It's good to have a lot of clay in your soils, but high clay content (when making cob) is not necessarily ideal. Good cobbers soil has a high amount of sand in it, if the soil is really high in clay (like mine) you'll need to add quite a bit and it's a lot of work. Best to find "readymix" with a lot of sand already in it. The best test of the quality of your material is to make test pucks or bricks and let them dry out completely. Once they are dry, look them over. High clay content soils will crack, more bigger cracks indicate a lot of clay and/or very expansive clay. Crumbly, easily smashed into dust means high silt or even too high a sand content. The ideal is a piece that dries hard with no cracks, something you can't crush with your hands and feels rock-like. Better to have too much clay than too little, a mix can be amended with sand but if you don't have the clay, it's a bust. If your tests show good for clay, start experimenting with how much sand to add (assuming) make more pucks/bricks, make them the same size and label them well. First puck will be the un-amended soil, second puck add a ratio of sand, add sand and make several mixes changing the ratio as you go. Use easy ratios, 1part this, 3 parts that, 1/2, 1/1, etc. Carry on till you just know that you've added a stupid amount of sand. Set them all out to dry then (when they're done) test them to destruction, select your favorite results and make new tests using straw, do the routine again and repeat.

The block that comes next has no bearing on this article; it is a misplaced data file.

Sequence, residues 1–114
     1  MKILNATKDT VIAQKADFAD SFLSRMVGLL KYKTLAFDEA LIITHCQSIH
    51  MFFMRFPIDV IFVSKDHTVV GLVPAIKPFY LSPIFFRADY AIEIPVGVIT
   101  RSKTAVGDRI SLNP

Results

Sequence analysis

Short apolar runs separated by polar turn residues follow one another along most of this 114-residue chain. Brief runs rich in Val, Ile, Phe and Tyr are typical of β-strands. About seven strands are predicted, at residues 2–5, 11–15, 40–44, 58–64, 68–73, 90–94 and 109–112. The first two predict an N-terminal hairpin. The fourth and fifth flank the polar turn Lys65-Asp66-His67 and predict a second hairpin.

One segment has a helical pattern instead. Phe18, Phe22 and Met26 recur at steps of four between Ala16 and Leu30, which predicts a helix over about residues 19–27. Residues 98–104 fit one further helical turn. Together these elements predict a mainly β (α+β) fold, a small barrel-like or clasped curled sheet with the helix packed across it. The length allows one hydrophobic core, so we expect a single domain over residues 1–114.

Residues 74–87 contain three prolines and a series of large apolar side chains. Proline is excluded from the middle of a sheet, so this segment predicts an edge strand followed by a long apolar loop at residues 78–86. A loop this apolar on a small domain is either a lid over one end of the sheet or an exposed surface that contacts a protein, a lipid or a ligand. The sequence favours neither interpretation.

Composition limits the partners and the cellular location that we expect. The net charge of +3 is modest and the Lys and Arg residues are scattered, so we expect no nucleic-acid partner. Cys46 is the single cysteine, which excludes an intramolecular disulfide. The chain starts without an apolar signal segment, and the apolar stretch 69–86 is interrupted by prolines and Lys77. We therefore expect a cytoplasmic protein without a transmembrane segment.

This'll give you an idea of what you've got and what you can do with it. You can read all about it somewhere, but nothing beats fooling with it yourself. The higher sand mixes will have higher thermal mass and tend (depending on the type of sand) not to crack around hot parts of the stove. Higher straw content will tend to have higher tensile strength, higher sand better compressive, and so on.
Oh, I forgot to mention... Of course at some point, you'll want to throw your test into a fire. Let 'em sit in the fire for a good long time, maybe overnight. The point is to subject each test to more abuse than you think it will ACTUALLY receive.. You want to be able to say "If they survive that, they'll do fine".
Thats a clay nugget posting above! Well said! I'd add that when you do some earth sample test holes on your land (look in places like where the water puddles longer after rains), look for your shovel to leave a shiny appearance to the earth behind. Or alternatively look around your area nearby for road cuts or construction projects that might have excavations.
Most local brick sellers have perlite... Huge 3 cu ft bags, not like the tiny ones at lowes. 12 bucks here locally, I get bags of fireclay there for 18, a little high... Anh refractory should have some seller near you for really exotic materials
flybywire: Glass window from an old washing machine is designed to take high temps. Cheap solution to your need.
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deadstarsstillburn: The people over there recommended either a 6" batchbox or an 8" J-tube. I don't know what those are but am going to try to figure that out. What I need is a blueprint that I can scale to fit the need for my house. I have something likne 5000 square feet
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deadstarsstillburn: but I do not need to heat all of it by any means. probably only need to heat half of that, maybe less.
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deadstarsstillburn: moreover, the house has 3 storeys (large attic) so I assume if I get very efficient heating on the ground floor, that will go a long way toward heating the upstairs as well, no?